Chaplains, Medical Personnel Help Soldiers Handle Homefront Problems in War Zone
March 28, 2007
BAGHDAD (Army News Service, March 28, 2007) - Just as there are ways to combat enemy forces, there are ways to combat the emotional upheaval troops endure when handling homefront problems in a war zone.
Common homefront problems are related to relationships or worries about infidelity, financial stress, legal concerns and discipline for children. When a servicemember feels pressured or needs someone to talk to, there are many options, ranging from talking to peers or supervisors to confiding in the unit chaplain or nearest combat stress control team.
"The two most common issues I have helped Soldiers deal with while deployed are relationship problems with either a spouse or significant other or financial issues," said Maj. Collie Foster, chaplain, 67th Theater Signal Battalion. "Chaplains can provide a shoulder to lean on when pressures get too great and can turn the Soldier toward God, who is there to make our burdens lighter."
When troops carry a large emotional burden, the inability to sleep may be just one symptom. When someone is not well rested, it can be hard for them to focus on the mission.
"The Soldier is bombarded with the dangers of combat; therefore, they become overly sensitive," Foster said. "When issues from home surface, the stress they are currently under may cause even the smallest issue at home to look larger than it really is."
If this is the case, there are three ways to classify and evaluate a problem: physical, mental and emotional. There are resources to turn to for each category.
"Since a human being is made up of body, soul and spirit, a person can turn to medical personnel to deal with the physical aspect of stress, mental health personnel to deal with the emotional aspect and a chaplain to deal with the spiritual," Foster said.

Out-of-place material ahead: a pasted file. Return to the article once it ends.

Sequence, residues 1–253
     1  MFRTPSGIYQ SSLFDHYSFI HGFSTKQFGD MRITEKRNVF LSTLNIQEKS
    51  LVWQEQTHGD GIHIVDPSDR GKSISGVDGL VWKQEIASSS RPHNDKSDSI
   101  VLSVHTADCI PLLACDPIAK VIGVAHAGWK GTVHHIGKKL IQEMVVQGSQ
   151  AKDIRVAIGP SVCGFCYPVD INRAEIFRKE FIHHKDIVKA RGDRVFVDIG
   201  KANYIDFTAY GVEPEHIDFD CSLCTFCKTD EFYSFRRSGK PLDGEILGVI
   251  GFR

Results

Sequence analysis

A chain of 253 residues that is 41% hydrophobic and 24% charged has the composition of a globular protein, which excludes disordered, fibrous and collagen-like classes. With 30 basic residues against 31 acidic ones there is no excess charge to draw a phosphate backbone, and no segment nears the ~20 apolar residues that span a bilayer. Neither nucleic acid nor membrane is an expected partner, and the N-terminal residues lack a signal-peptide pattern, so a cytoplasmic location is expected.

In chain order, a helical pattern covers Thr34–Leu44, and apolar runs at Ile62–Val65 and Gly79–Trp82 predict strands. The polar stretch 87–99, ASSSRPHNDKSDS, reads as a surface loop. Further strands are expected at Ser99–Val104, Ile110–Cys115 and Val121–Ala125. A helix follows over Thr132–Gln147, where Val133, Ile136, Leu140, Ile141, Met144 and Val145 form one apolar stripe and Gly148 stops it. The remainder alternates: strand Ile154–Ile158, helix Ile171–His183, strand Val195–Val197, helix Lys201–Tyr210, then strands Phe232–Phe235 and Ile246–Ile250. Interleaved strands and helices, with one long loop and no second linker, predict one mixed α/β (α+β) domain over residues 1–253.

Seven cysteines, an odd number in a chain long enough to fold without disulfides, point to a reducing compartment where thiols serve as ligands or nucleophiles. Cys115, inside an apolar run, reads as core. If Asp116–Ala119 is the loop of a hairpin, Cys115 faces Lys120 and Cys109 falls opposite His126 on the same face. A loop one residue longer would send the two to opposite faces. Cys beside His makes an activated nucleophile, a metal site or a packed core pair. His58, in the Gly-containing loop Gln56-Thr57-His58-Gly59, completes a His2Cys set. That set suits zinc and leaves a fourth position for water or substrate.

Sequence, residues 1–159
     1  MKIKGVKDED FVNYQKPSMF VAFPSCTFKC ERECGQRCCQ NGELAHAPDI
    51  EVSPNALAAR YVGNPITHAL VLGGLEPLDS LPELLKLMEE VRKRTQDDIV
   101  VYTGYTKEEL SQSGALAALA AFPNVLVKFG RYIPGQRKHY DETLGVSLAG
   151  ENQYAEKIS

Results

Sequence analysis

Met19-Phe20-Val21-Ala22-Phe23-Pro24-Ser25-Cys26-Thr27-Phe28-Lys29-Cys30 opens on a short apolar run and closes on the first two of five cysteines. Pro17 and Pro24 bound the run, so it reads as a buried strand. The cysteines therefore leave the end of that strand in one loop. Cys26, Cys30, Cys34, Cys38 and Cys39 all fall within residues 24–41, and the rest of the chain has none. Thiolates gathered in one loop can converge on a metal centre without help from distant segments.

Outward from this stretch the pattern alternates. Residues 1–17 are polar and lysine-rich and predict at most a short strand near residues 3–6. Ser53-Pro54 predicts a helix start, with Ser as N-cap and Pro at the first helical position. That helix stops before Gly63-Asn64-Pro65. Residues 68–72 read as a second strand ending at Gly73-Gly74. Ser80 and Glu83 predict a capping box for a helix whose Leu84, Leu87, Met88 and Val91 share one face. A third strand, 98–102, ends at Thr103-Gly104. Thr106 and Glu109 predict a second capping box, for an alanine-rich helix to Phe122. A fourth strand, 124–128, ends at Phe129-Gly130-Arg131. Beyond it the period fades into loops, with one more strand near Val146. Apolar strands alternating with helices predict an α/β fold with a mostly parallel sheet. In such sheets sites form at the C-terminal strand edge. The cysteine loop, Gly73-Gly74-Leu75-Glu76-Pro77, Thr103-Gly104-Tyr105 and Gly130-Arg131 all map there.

If a servicemember seeks assistance from a combat stress control team, there is an open door policy, said Col. Emile Risby, mental health consultant, 3rd Medical Command.
"The first thing to do is sit down and get the facts," he said. "Clarify what can or can\'t be done, and decide whether or not things can be resolved here in theater or if it needs to wait until the Soldier returns home."
After helping troops evaluate their problems, mental-health advisors devise a treatment plan to help get them on the right track.
"We look at the different strategies to help a Soldier cope while in theater," Risby said. "This can be anger management, stress-reduction techniques, education in life skills and emotional symptoms, or a cognitive-based program. The big key is to prevent Soldiers from isolating and shutting down."
When dealing with deployed troops who have homefront problems, mental-health consultants encourage the development of social supports found in theater: buddies, supervisors, chaplains and combat-stress control teams.
"Theater-wide, combat-stress control teams see about 700 new cases of combat-stress reactions a month, and a significant portion of those have homefront problems," Risby said. "If a Soldier is distracted by what's going on at home, he's not going to be mission-focused. Homefront problems do affect mission readiness."
To prevent this from happening, combat-stress teams are in theater for the troops.
"Seeking help is the right thing to do, and it's not a career buster," he said. "Also, if a Soldier seeks help from combat stress teams, he can do so anonymously. Commanders are notified if there's a safety concern, if the Soldier requests that the command be notified, or if the Soldier stays for two to three days of counseling at a combat stress fitness center."
Informational articles and contact information are available at <a href="http://www.combatstresscenter.com"target=_blank> www.combatstresscenter.com</a>.
(Cpl. Jess Kent writes for the 28th Public Affairs Detachment.)